of further partnerships is the key to delivering better bus services.
For this reason the industry is keen to work with local authorities
and other parties now, to bring about as many Quality Partnerships
as possible on a voluntary basis in advance of primary legislation.
Operators are demonstrating their willingness to invest, even
when local authorities cannot immediately find complementary funds.
Experience has shown that Quality Partnerships
differ in the elements involved depending on local circumstances.
For instance, a Quality Partnership covering rural services will
be different in a number of ways to one covering primarily urban
services. CPT agrees with the Government that local solutions
to local problems should be agreed at local level through the
Local Transport Plan.
For that reason, the legislation introduced
to put Quality Partnerships on a statutory footing must incorporate
a level of flexibility which would enable each Quality Partnership
to be tailored to meet local needs. The Office of Fair Trading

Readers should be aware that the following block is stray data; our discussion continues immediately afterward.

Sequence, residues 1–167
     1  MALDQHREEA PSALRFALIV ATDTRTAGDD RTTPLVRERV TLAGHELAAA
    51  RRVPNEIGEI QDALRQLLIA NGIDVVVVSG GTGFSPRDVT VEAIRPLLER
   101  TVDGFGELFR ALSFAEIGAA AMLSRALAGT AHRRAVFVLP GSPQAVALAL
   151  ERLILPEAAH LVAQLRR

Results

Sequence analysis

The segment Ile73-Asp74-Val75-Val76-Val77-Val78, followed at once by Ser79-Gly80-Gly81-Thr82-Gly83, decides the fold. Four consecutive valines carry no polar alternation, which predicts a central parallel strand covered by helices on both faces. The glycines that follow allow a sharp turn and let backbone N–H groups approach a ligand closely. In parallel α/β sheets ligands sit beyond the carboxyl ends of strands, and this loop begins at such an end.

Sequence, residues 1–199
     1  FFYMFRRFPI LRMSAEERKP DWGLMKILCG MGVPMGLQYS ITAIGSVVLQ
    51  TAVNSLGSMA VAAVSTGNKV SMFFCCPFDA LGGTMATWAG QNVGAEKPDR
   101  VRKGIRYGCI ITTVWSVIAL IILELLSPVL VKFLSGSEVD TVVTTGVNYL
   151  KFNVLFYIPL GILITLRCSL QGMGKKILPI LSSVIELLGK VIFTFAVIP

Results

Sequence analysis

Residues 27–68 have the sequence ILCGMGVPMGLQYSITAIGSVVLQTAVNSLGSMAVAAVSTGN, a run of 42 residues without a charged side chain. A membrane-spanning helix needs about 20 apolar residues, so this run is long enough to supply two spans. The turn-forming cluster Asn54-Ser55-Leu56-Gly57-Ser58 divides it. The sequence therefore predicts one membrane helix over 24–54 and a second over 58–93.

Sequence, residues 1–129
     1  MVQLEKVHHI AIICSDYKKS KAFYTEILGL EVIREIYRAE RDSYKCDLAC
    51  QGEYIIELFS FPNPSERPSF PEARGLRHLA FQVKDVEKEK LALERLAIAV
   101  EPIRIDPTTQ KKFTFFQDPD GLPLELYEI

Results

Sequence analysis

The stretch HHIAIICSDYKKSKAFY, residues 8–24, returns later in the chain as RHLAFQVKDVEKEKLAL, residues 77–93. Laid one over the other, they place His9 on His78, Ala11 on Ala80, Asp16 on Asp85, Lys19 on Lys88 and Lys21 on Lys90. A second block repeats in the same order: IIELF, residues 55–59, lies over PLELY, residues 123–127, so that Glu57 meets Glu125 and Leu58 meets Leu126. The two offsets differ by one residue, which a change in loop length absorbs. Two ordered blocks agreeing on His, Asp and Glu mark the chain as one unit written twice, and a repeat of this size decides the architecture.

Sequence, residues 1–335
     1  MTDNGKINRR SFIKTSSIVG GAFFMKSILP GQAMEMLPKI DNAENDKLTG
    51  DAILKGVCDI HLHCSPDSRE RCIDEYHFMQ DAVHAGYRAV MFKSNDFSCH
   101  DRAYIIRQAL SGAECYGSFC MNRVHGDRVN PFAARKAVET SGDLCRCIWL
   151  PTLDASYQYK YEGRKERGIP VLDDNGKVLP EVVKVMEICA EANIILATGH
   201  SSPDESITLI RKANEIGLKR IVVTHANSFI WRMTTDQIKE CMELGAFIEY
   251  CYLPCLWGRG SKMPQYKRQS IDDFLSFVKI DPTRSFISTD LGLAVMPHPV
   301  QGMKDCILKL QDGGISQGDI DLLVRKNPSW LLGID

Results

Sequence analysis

(OFT) has to show itself to be understanding and willing to allow
potentially anti-competitive arrangements when they are clearly
in the consumers' interest.
5. The paper proposes to give powers (subject
to Ministerial consent in each case) to local authorities to enter
into Quality Contracts where it is in the public interest to do
so. We believe that in the current co-operative climate the Minister
will not have cause to give this consent. Such a power is franchising
by another name and the industry is strongly opposed to such a
proposal. In our submission to Government, prior to the publication
of the White Paper, we demonstrated that franchising is a more
expensive system of providing bus services than the present method.
We further believe that franchising removes the incentive for
operators to improve the quality and quantity of services which
will ultimately result in a poorer service to the travelling public.
Independent research was carried out which confirmed our view
on this matter. Scarce resources should not be used in setting
up Quality Contracts when the case has not been made that they
improve customer satisfaction with public transport.
6. We welcome the Government's intention to